The European trade body outlined the value of cosmetic products and the values that the industry stands by. Colipa said cosmetics contribute to quality of life providing feelings of well-being, protecting people from “extreme weather impacts” and supporting good hygiene practices.
Sustainability, transparency and empowerment were then identified as core values that the industry nurtures and emulates.
Time to invest in sustainability
On the subject of sustainability, Colipa called on manufacturers to respond to consumer demand for transparency and ethical sourcing by making their supply chains more sustainable.
“The economic downturn is precisely the right time to ensure efficiency and sustainability through the supply chain,” stated the report.
Continuing on the ethical theme, Colipa also gave a detailed progress report on the development of alternative testing methods following the ban on animal testing in March.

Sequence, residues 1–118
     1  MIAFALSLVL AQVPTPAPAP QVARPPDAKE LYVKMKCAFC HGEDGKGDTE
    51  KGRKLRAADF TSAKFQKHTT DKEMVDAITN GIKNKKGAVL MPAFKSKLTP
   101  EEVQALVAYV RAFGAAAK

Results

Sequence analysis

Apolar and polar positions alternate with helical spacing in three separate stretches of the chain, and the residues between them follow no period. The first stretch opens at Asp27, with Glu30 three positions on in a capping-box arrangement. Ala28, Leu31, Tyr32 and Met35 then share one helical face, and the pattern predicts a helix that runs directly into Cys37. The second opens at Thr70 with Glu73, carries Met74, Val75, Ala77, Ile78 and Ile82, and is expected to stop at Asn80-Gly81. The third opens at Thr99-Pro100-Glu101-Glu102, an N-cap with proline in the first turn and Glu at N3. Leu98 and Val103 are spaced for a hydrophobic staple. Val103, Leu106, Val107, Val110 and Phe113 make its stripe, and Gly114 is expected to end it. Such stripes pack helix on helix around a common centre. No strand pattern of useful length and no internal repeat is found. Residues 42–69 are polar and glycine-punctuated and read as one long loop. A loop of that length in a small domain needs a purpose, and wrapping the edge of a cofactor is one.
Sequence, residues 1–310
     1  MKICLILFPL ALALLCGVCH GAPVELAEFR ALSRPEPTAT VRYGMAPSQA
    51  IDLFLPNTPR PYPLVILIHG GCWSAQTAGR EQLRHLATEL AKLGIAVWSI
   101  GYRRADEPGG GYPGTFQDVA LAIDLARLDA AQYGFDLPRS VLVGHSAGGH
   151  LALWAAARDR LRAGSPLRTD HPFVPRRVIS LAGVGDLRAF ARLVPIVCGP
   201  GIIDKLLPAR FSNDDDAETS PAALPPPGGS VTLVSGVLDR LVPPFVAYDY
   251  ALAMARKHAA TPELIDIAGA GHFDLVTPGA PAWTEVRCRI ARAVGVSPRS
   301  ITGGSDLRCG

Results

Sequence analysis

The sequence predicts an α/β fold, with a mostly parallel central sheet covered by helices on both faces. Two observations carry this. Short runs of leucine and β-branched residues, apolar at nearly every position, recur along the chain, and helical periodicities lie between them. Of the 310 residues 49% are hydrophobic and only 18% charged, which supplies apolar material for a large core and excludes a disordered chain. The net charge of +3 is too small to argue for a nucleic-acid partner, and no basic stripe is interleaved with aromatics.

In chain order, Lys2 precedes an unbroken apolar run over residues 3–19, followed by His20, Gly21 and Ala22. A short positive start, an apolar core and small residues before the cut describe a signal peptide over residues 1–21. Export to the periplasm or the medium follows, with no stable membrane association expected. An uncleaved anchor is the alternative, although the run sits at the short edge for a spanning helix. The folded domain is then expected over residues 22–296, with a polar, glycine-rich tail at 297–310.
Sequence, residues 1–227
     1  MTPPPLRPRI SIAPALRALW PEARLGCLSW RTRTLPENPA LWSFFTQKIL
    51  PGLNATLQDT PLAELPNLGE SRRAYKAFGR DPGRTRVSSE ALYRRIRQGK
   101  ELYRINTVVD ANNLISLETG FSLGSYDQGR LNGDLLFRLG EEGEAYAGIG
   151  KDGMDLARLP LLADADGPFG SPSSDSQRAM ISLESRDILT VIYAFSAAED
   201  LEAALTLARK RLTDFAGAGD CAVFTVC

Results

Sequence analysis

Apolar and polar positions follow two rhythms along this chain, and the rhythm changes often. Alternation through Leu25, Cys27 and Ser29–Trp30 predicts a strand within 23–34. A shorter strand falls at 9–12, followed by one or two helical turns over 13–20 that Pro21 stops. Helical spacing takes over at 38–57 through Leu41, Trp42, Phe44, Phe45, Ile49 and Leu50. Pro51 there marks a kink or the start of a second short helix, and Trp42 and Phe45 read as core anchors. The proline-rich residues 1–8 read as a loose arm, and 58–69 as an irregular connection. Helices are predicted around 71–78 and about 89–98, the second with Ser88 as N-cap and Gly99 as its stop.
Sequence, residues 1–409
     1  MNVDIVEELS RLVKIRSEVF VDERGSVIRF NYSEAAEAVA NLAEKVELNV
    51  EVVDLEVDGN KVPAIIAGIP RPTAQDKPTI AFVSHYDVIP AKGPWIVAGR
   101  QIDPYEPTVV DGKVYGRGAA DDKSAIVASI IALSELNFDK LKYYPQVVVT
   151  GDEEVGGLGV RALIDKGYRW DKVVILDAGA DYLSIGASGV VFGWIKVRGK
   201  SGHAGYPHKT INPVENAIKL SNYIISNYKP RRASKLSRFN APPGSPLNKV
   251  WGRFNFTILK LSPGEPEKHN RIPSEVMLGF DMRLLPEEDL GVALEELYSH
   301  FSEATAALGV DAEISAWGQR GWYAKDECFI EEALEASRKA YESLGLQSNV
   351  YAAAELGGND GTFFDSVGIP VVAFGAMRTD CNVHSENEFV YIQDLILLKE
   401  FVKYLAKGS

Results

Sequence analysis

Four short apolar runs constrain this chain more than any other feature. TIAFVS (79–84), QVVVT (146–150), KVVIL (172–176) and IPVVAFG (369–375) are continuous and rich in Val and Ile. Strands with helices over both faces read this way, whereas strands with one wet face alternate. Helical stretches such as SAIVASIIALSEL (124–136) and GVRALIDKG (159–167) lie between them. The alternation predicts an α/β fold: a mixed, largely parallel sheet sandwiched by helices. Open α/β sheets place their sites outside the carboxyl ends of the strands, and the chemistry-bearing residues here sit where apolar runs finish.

“Alternative testing technology has enabled this change,” said Colipa. “Clean technologies will help speed other necessary changes.”
However, commentators have expressed concern about the slowness progress on alternative methods.
Warning of slow progress on alternative testing methods
In her keynote message, Meglena Kuneva, EU Commissioner for Consumer Affairs, said: “Although considerable progress has been achieved for certain endpoints such as sensitisation and irritation, the outlook for others, including cancer or reproductive toxicity, looks like remaining static for several years to come.
“I therefore hope that more efforts will be invested in this area, including from the cosmetics industry, in order to accelerate the development of new scientific concepts and techniques such as Quantitative Structure-Activity Relationships (QSARs), in order to comply with given deadlines in 2009 and 2013.”
Colipa said the industry would be engaging with the European Commission in a future project that will see a total of €50m devoted to research into alternative methods in the field of systemic toxicity.